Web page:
The pilgrimage group arrives at historic Goree Island, Senegal, an infamous transit point for the trade in enslaved persons. From left: Naomi Welikala, Martha Watson (partially hidden), Troy Elder, the Rev. Jean Chavanne, Lou Duncan, Bruck Rankin, Kim Ericson, Margaret McCauley, and David Telleen-Lawton.

The pilgrimage group travels in a pirogue – the means of maritime transport to coastal islands in Guinea.

[The Episcopal News] Nine travelers from the Diocese of Los Angeles and the Convocation of Episcopal Churches in Europe’s American Cathedral in Paris recently returned from “Forced Migration in History,” an 11-day pilgrimage of study, travel, prayer and encounter in the West African Anglican Diocese of Guinea and Guinea-Bissau.

The travelers, representing St. John’s Cathedral, Los Angeles; St. George’s, Hawthorne; St. Stephen’s, Hollywood; St. George’s, Riverside; All Saints by-the-Sea, Santa Barbara; St. Mark’s, Van Nuys; IRIS (Interfaith Refugee & Immigration Service) and the diocese’s Program Group on Global Partnership, were led by Troy Elder, IRIS’s executive director.

Deacon Margaret McCauley greets parishioners at All Saints Cathedral, Conakry, after being recognized by Archbishop Jacques Boston (center) of Guinea and Guinea-Bissau.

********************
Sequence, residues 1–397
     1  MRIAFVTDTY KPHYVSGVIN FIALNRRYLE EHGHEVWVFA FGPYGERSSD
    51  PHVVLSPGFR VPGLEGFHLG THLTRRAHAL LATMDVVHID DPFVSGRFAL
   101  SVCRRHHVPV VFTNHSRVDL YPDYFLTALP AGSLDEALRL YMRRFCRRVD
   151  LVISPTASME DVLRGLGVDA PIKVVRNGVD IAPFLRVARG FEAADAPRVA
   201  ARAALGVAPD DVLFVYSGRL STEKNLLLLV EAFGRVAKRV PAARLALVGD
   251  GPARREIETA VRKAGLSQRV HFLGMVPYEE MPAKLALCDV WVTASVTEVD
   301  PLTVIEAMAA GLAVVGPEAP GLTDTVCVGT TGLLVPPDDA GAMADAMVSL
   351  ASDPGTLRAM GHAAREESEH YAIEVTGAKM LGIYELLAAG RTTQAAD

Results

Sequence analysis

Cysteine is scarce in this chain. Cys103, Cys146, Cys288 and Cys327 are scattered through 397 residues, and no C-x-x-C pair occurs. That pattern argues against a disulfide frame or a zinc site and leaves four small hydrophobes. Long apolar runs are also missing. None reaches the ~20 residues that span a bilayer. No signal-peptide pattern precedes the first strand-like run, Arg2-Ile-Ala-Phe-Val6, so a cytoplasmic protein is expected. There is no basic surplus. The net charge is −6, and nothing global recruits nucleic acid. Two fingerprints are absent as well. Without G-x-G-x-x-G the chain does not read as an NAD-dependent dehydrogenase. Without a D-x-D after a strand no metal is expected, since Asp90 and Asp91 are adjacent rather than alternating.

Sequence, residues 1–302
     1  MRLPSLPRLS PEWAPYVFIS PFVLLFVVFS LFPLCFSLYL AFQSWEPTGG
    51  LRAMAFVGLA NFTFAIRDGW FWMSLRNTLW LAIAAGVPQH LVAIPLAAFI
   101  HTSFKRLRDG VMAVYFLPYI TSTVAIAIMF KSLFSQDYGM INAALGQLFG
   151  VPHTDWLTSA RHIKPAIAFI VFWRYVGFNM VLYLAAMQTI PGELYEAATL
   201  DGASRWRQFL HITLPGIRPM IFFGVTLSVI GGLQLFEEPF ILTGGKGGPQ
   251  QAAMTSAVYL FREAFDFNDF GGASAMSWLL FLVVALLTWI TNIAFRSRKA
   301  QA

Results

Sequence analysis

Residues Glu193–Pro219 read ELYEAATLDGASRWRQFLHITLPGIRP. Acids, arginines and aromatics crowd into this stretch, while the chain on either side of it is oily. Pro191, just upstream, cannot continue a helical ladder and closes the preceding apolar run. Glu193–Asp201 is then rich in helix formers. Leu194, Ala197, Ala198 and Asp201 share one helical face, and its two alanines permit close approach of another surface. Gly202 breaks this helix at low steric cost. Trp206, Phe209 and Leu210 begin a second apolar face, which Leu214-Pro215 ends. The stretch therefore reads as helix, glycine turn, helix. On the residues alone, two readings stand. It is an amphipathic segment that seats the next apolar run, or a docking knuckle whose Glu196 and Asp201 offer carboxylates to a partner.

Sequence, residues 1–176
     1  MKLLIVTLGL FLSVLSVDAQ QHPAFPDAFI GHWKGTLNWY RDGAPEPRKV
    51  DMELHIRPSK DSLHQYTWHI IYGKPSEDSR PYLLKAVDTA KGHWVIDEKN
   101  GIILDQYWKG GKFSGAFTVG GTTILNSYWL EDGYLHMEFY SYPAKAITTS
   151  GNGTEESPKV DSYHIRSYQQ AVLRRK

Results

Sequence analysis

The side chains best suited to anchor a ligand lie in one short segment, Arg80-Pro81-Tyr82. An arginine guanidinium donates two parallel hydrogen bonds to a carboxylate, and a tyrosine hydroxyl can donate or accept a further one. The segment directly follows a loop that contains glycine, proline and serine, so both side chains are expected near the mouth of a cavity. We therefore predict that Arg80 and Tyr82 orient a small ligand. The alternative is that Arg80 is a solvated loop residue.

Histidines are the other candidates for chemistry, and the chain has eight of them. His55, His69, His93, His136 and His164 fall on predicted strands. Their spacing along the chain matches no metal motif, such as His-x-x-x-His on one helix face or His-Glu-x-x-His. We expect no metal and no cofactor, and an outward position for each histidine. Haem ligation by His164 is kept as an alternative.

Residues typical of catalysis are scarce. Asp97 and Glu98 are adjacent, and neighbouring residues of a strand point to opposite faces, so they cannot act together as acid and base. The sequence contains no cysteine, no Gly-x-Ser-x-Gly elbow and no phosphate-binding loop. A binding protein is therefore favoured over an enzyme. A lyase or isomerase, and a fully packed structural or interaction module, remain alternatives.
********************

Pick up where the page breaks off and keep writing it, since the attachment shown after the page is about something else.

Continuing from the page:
The purpose of the tour was to “pray, learn, interact with our African Anglican siblings, and discern future, sustained collaborations around themes of restoration, repentance for structural sin, and growth,” according to the tour announcement.

The group “came together for this important work at the confluence of mission, outreach, and solidarity in Senegal and in Guinea, one of the poorest countries worldwide,” Elder wrote on Facebook. “A propitious, reflective beginning to Lent, and a new chapter in our revived, seven-years-and-counting relationship with our Anglican partners in West Africa.”

As part of their extensive pre-pilgrimage preparation, the group studied Camara Laye’s The Dark Child, a classic West African memoir of migration, education, love, and loss.

Stops on the pilgrimage included All Saints School, Conakry, a kindergarten-through-high-school facility of special interest to several educators in the group; a house church in in Dakar, Senegal; and All Saints Cathedral, Conakry Guinée, where they were welcomed by the Rt. Rev. Jacques Boston, archbishop of Guinea and Guinea-Bissau.

— Reporting by Troy Elder